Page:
Stage lights on, cheers from the crowd, the band walk on, here we go!
The show was superb, it was just like seeing them in the flesh.
I was lost for words but not for the songs I knew.
The lead guitarist was brilliant, fearless, modest and note perfect.
The sound quality was clear and loud but not so loud to get brain damage and no echoes. The audience loved it, some comfortably numb probably due to the Johnny Walker Red Label on special offer!
Watching groups of friends, arms around each other, having a great time singing along with the band to songs I know inside out, 7,000 miles from home and where most of Pink Floyd’s music was composed.
It was strange I was loving the music but I could not remember a day when I felt more homesick than this. The stage in front of me, the ebb and flow of the sea lapping at the shore to my right, the gentle breeze a pillow of winds, marooned in a sea of happy people to my left and I felt strangely alone in the surreal atmosphere, almost poles apart from the locals.
The stage was lit with paint box colours, any one you like, competing with the night light, some of the original Pink Floyd videos playing at the back of the stage and the audience rocking along with the band.
I walked back to my car wishing that one of these days I will get a bike, drove the short distance home, nobody home or signs of life except the odd mosquito but Pink Floyd joined me instantly as I put the ipod on and blasted those so familiar songs again looking out over my balcony at the dark sea. Black River is no Saint Tropez, it is so much better than that and has a saucerful of secrets just like the fishing club.
Question. How many Pink Floyd song titles did you recognise in the blog?
There are so many things to do outdoors at the weekend in Mauritius but the first Tropica Dingue to be held on the island grabbed my attention. It was at Mon Tresor so I went along to see what it was all about.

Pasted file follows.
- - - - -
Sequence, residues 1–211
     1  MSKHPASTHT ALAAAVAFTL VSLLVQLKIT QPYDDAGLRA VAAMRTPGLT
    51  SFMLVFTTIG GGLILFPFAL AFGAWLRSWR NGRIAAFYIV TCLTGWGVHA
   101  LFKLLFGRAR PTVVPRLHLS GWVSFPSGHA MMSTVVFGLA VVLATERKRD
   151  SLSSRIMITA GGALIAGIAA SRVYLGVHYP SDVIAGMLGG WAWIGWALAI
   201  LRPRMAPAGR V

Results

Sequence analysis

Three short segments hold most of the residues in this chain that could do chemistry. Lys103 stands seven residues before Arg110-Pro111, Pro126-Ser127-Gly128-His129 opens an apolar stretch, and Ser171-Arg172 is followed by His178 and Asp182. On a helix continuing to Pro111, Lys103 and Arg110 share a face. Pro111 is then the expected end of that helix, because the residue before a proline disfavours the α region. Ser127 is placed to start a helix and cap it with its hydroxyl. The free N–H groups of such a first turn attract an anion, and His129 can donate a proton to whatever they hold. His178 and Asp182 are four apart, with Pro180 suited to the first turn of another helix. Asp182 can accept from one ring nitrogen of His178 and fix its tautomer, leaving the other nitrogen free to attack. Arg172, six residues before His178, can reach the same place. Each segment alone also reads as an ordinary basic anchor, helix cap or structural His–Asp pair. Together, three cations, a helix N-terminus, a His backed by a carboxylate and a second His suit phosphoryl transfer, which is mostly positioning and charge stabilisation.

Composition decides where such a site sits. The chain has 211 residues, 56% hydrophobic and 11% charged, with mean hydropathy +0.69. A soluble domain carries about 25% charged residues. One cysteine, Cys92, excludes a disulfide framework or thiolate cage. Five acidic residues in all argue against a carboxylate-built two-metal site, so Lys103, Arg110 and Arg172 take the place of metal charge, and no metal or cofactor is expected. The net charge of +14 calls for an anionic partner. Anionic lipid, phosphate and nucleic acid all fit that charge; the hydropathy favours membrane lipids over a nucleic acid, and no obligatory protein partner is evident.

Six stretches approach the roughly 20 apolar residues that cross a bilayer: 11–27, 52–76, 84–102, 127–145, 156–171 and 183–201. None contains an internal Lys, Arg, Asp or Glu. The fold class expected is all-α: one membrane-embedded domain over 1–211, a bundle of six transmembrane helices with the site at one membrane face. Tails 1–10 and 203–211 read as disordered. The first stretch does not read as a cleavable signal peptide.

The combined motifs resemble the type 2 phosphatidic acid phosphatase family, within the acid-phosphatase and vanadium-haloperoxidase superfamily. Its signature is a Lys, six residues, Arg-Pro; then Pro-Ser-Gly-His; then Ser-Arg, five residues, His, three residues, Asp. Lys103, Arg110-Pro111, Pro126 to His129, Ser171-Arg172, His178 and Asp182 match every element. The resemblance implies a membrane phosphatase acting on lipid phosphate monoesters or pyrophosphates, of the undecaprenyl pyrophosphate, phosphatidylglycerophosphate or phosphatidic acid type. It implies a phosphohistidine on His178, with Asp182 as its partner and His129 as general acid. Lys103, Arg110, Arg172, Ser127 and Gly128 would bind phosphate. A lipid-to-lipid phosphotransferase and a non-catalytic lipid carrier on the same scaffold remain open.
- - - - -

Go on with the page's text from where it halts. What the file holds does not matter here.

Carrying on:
But where is Mon Tresor? It is on the southernmost coastal plain of Mauritius, a natural landscape in the South East, close to the airport and earmarked for a sustainable urban development project. A combination of countryside and seaside against a backdrop of undulating sugar cane fields, the Christiane Vallet forest and century old trees near Mare aux Songes, where bones of the dodo have been found.
Tropica Dingue, or Tropical Madness as it translates, is a mix of trail running/walking/climbing with obstacles to get over, under or around, for teams in fancy dress who are prepared to accept the challenge against a backdrop of sun, palm trees, beach and a lagoon.
I headed for the excellent Holiday Inn, drove past and turned right towards the old Mon Tresor sugar factory. It was easy to find as most of the competitors had arrived early and were getting warmed up by the enthusiastic, cheerleading trio on stage.
Muscles were stretched and warmed as the competitors followed the keep fit/dance routines as jubilant and frenzied tunes pumped from the DJ tower overlooking coconut lawn as much as the adrenaline.